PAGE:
With the NDA lifted, piles of reviews are starting to populate the blogosphere which mostly report positive experiences. My general impressions have also be largely positive, but Brent’s recent Virgin Worlds Podcast #53 raises a number of interesting and valid criticisms of the current state of the game. As I mentioned in Part I, I want to take a stab at describing more of what I think the game is and is not. I think you’ll see that while LoTRO (and probably no other imminent MMO) is certainly not a WoW-killer, there is quite a bit in the game if it suits your idiom.
Definitely, but I don’t think that’s so bad. Character advancement is definitely weighted toward quest-driven advancement rather than simply a mob grind. I suspect hack and slash types may find this a little boring. The designers seem to have tried to take a kill 5 rather than 50 rats approach though I was still rather surprised at how quickly I was able to level without feeling like I was trying to level up. Quests are plentiful, but the downside is you really need to do them to progress.
Most quests are quite solable, though there are a few which are designated “group” quests which may be accomplished at-level with a small group, or a few levels later solo. Quite a bit of the game seems very solo-friendly and a reasonable amount of progress can be made in a relatively modest block of time. While I’ve been known to “grind” away most of a weekend in a game, I feel like I can make noticeable progress either leveling, exploring or tradeskilling in the mythical 2-hour block in LoTRO.
With my highest level character at level 16 (out of about 8 characters), character advancement, at least through the early stages, seems more incidental to experiencing the game rather than the point. I don’t think this is so bad and is one primary reason why I’ve been enjoying the game.
I’ve called it WoW for adults and I think that still holds true– at least while we’re in the beta. Its not WoW in terms of polish, but its not EQ2 or Vanguard in terms of complexity or to the extent I’ve experienced, depth.
It’s a fair criticism of the game that the massive lore of the books is both the game’s biggest strength and biggest weakness. The absence of grindyness and early PvP seems to sidestep the juvenility that seems inherent to games like WoW. While there is humor in LoTRO and even whimsy (roll file footage of Shire pie eating contest), its art and quest design are far from farcical– again leaving a distinctly mature impression. The overhang of the lore, however, is palpable and you can’t help feeling that the devs felt limited in how far they could push game design beyond certain key lore-based constraints.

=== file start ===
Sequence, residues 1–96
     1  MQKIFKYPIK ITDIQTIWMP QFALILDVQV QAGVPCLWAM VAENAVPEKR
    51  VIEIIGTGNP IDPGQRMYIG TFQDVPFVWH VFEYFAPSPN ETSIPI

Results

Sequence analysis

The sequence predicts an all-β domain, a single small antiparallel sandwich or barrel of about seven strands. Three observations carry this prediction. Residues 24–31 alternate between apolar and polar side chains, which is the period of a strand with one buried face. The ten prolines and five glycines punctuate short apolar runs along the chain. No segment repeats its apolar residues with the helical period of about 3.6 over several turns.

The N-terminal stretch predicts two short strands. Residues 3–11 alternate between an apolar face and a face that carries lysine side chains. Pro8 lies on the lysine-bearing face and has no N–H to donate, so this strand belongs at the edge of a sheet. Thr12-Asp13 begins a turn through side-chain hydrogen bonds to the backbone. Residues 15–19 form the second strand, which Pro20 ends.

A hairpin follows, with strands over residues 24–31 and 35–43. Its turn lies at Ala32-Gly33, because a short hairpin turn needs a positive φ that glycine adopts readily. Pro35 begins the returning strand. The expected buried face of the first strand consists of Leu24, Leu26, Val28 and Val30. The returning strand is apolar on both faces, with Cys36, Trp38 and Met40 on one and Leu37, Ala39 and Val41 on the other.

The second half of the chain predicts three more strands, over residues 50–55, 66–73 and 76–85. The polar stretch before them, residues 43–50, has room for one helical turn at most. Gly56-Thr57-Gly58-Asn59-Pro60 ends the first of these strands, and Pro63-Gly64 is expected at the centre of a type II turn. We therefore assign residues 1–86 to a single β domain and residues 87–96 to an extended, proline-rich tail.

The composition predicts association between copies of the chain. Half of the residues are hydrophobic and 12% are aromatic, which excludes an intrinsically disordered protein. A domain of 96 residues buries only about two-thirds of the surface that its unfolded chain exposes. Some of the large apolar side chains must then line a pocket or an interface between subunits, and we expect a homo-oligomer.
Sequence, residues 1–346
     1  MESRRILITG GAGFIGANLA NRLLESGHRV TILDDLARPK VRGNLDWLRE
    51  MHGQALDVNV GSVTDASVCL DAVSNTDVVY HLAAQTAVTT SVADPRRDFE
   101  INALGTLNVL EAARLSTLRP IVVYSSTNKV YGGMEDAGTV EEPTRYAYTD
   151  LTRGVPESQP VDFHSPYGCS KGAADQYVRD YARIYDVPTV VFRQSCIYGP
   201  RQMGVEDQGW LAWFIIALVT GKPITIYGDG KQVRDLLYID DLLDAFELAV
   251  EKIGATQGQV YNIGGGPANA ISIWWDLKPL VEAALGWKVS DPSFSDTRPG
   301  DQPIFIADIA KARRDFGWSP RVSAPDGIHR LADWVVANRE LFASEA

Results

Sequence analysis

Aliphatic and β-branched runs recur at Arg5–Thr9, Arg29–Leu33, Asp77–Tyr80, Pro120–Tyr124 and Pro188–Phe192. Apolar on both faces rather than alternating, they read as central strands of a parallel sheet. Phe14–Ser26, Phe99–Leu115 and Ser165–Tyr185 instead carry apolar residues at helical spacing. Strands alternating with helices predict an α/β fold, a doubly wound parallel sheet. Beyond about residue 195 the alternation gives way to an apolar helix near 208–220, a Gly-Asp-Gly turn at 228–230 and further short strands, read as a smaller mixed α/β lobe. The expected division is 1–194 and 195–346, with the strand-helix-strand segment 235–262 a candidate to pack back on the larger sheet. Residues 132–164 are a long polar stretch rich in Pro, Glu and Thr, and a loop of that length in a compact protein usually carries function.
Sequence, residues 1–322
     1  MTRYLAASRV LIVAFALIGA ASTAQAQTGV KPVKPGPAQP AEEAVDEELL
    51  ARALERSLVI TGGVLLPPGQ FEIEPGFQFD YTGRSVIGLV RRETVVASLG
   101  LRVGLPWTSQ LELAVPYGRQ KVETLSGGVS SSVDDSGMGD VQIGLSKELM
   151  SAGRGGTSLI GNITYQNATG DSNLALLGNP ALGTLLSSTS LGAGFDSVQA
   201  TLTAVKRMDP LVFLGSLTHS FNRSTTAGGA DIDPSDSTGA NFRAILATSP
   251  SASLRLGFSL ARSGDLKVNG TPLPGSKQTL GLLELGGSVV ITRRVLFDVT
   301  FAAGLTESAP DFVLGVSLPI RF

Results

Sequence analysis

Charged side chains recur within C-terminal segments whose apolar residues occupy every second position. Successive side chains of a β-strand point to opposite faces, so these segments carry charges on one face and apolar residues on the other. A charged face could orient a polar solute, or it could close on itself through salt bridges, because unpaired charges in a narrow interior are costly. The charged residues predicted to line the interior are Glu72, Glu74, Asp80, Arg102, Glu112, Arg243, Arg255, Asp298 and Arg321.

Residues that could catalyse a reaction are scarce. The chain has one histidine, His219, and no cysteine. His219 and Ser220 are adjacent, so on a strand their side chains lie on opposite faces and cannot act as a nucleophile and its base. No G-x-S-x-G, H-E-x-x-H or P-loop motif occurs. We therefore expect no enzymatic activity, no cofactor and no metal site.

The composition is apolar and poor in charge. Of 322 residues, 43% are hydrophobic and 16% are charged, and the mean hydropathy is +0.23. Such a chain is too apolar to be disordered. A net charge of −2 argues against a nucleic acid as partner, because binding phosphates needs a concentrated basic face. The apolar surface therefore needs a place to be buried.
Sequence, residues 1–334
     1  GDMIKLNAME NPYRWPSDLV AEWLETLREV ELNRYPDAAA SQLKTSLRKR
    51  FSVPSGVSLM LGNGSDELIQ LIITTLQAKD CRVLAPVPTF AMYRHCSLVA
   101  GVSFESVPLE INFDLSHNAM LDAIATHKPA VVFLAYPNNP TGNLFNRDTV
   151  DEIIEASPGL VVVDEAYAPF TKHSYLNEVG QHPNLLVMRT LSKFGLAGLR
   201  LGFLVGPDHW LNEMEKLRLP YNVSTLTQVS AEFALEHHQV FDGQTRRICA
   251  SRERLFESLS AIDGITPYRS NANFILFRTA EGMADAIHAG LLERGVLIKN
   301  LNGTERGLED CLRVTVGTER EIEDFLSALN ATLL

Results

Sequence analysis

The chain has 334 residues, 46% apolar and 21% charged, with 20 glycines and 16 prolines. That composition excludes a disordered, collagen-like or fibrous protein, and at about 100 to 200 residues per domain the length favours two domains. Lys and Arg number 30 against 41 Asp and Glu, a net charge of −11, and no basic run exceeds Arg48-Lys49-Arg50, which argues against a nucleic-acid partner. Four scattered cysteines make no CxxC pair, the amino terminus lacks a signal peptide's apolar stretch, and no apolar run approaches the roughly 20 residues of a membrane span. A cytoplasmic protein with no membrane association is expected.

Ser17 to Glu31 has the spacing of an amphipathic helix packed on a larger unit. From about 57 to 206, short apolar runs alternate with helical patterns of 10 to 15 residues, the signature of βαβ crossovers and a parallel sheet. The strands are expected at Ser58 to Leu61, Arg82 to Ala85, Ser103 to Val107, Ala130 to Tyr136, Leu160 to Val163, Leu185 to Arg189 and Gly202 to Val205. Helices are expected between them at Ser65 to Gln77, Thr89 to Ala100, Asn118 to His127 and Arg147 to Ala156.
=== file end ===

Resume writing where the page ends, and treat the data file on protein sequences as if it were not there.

Likewise, the game’s deviations from the classic rock-paper-scissors class archetype design seems to require a bit of a rethink in familiar class roles while being far from revolutionary. LoTRO’s seven cardinal classes: Champion (melee-dps), Guardian (tank), Captain (combat support), Burglar (debuff-dps), Hunter (ranged-dps), Minstrel (healer) and Lore-Master (crowd control-dps) depart if not break from familiar character classes.
Despite criticisms to the contrary, I’ve not found combat to be button mashing exercises. At higher levels, different combat skills can chain together to create meaningful alternatives depending on whether your are solo or with a group, trying to get and hold agro, control mobs etc. I’ve succeeded in encounters where I was previously defeated by changing my tactics and combat skill usage.
Each has aspects familiar to any MMO veteran, but LoTRO’s attempt to reconcile the traditional holy trinity of DPS-Tank-Healer with the lore (i.e., there weren’t hordes of Istari stomping around Middle Earth) will require some adjustment in both gameplay and expectations. Battles are, well, battles, rather than Eleventy-First Birthday Party fireworks displays.
Like other MMOs based on well-known IP, there is little to reveal but much to see. By and large, players aren’t given extensive lessons in the lore, but the game is not and cannot be the same experience as that in the books. No player will join the fellowship, and your little Freaudoh will not bear the ring, so life in Eriador takes on a “Rosencrantz and Guildenstern Are Dead” quality—bit players experiencing life between the scenes otherwise dominated by the stars with top billing.
So while the IP provides a wonderfully rich setting for a game, it just simply doesn’t provide as clear a roadmap for an MMO. Certainly the devs made the call early-on that an Orcs and Goblins versus Humans, Elves, Dwarves and Hobbits MMO with PvP ganking on the Brandywine Bridge wasn’t going to fly. Even with Monster Play, LoTRO’s take on PvP, adventuring in Eriador is a PvE experience.
That said, I’ve still found life in Eriador to be reasonably interesting. I’ve definitely had to consciously get out of “tourist” mode to really start enjoying the game. There was definitely a brief period of disillusionment or frustration with the game after I had seen most of the tourist sites. A real feeling of “is that it?” until I went back and started to get into the vibe of the game. It is an MMO and not a theme park though there are plenty of theme park attractions. I suspect there may be many Middle Earth tourists who will initially be drawn to the game simply to see Middle Earth rendered in glorious 3D that will leave frustrated wondering what the hype was about.
To be fair though, life in Eriador is also ONLY that—life in Eriador. We can’t dungeon crawl through Moria, scale Isengard or doorbell ditch Sauron at the gates of Mordor—yet. This unfortunately leaves one wanting quite a bit more from the game with the hope that expansions will follow relatively quickly. I almost feel like this is the Eriador expansion to the full game which doesn’t quite exist yet. Even so, however, I still find the game compelling and complete enough to provide me with a fulsome experience.
More to follow in Part III.